Philip Area Community Foundation
DeMaris Nesheim did some soul searching when she wanted to give back to the rural South Dakota town that helped shape her early life. “I thought for a long time about what I could do for Philip,” says Nesheim, who is credited with jumpstarting the Philip Area Community Foundation through South Dakota Community Foundation (SDCF) two years ago.
Nesheim, who graduated from Philip High School in 1959 and now lives just outside Hill City, credits the community with helping her succeed in life.
It was with that sentiment that she first had the idea of partnering with the SDCF. Coffee with a good friend who had just started working as a program officer at SDCF, Beth Massa, gave Nesheim the idea of starting a Community Savings Account (CSA).
Nesheim called Massa shortly after their meeting, having had a dream that Philip did exactly that—started a CSA. But what she said next left Massa speechless. “She said, ‘I want to make it happen,’” Massa recalls.
That meant challenging the community to match her $100,000 contribution, dollar-for-dollar. It was the start of a fast-paced, generous, small-town community campaign. Nesheim first met with Philip Charities and local business leaders to make the pitch. Her challenge was issued in November and the funds were raised by the first of the year.
“Residents all knew the needs in the community, and they knew the people who could benefit from the support that comes from a CSA.”Beth Massa
Ray Smith, president of First National Bank in Philip and chairperson of the Philip Area Community Foundation for the past year, says he was not surprised by the outpouring of support after Nesheim issued the challenge. “DeMaris gave us a very good presentation,” he remembers. “It was very emotional, and connected for us the past to the present.”
The community has rallied behind important projects in the past, including building a new hospital. Raising support through a CSA at SDCF was the perfect step for Philip. “If there’s a need or a good cause, the community really supports those types of projects,” Smith says. “With the money in an endowment, it’s a gift that keeps on giving.”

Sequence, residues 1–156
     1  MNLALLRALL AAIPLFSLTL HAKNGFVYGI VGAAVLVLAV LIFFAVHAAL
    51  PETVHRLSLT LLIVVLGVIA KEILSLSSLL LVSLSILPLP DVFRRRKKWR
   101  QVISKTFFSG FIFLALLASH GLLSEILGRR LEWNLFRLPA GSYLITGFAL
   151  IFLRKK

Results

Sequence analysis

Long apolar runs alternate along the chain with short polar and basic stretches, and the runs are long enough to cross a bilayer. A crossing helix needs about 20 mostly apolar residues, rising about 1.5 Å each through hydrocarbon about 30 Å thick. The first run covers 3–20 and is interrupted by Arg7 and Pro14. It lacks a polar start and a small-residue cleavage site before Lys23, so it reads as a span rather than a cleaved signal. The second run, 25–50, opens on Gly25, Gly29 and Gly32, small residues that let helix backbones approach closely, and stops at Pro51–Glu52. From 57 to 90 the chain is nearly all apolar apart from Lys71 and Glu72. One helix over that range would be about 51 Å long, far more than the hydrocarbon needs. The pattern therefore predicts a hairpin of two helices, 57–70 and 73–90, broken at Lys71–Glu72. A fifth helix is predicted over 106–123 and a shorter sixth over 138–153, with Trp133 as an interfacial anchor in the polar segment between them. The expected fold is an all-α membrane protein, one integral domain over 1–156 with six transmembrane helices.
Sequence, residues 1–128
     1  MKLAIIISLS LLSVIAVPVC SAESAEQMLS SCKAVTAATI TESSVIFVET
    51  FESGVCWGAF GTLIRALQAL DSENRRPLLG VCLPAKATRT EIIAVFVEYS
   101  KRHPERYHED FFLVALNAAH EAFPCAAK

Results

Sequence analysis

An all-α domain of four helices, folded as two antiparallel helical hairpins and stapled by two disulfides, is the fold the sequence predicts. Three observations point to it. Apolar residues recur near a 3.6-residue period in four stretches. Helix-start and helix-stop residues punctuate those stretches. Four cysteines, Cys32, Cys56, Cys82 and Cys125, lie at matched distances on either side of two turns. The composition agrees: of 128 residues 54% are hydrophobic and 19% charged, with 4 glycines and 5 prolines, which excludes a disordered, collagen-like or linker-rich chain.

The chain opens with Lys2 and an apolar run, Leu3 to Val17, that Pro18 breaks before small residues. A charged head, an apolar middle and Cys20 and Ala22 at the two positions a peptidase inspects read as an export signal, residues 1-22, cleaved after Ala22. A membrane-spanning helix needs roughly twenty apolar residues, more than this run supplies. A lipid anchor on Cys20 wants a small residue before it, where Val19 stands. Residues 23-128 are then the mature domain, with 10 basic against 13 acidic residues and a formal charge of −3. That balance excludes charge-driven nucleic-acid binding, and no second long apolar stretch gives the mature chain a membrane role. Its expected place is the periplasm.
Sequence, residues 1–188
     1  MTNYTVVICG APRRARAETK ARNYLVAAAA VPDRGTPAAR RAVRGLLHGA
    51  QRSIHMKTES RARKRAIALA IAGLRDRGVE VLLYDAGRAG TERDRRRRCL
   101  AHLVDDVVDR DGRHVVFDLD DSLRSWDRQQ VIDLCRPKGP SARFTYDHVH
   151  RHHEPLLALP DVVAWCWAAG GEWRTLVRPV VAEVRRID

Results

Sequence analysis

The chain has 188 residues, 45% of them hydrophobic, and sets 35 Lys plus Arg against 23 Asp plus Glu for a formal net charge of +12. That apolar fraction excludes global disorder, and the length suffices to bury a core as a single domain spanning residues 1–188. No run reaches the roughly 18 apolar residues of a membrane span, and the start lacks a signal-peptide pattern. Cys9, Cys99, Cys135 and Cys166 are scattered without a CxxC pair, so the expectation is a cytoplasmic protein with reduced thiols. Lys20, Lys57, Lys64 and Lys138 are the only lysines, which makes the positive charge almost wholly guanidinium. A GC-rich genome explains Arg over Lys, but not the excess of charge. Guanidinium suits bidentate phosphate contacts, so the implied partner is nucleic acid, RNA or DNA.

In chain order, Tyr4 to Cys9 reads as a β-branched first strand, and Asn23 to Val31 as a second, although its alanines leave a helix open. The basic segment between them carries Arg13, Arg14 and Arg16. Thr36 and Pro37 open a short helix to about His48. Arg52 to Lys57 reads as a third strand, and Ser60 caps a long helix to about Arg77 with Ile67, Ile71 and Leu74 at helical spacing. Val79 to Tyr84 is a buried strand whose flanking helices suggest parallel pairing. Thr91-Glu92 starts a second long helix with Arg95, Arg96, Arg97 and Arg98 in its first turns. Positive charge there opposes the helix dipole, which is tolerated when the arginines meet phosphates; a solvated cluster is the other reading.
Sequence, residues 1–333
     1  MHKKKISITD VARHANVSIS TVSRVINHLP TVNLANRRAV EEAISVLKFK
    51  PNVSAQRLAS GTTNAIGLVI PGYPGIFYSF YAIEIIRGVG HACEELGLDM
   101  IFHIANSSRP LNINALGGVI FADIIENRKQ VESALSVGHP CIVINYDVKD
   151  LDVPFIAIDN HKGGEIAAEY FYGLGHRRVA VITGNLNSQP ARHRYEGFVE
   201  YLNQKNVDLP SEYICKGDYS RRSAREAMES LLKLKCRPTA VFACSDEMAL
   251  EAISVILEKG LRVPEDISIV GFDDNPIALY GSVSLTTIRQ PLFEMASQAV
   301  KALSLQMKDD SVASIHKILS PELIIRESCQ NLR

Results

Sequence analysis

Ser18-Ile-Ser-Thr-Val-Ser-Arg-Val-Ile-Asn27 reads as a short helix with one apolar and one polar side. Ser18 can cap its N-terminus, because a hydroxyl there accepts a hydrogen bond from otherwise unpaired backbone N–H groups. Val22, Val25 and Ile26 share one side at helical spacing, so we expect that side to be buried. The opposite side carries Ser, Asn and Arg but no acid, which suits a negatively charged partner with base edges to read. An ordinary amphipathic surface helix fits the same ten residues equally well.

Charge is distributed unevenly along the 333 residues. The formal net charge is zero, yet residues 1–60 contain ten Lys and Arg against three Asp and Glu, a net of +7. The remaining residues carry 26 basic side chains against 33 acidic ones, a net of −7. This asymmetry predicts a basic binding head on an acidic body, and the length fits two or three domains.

So, too, does Nesheim see Philip as a community that kept on giving throughout her life. She grew up on a ranch 25 miles outside the community and during high school spent her weekdays in town before returning to the ranch on weekends. Local jobs, including a stint at the telephone company office, made it possible for her to go to college. “The town was small enough to develop leadership skills,” she says. “You could get involved in anything you wanted.”
She issued the challenge because she knew it could be successful if people had a stake in it. “I wanted the ownership to be in Philip,” she said. “Now, Philip Area Community Foundation is always going to be there. They do a good job of investing the funds. People have really caught on to the spirit of giving.
Philip Area Community Foundation was named South Dakota’s Outstanding Philanthropic Community by the South Dakota chapter of the Association of Fundraising Professionals last year.
Massa said Nesheim’s words at a SDCF reception helped captured the essence of giving. Massa says she looked around when Nesheim spoke of her love of Philip, the room was filled with people who had tears in their eyes. “This community will now be looking to their children and grandchildren to carry this on,” Massa says. “It’s a vital resource.”
And it all started with the dream of one woman. “She is an astute donor and she’s an incredible person,” Massa adds.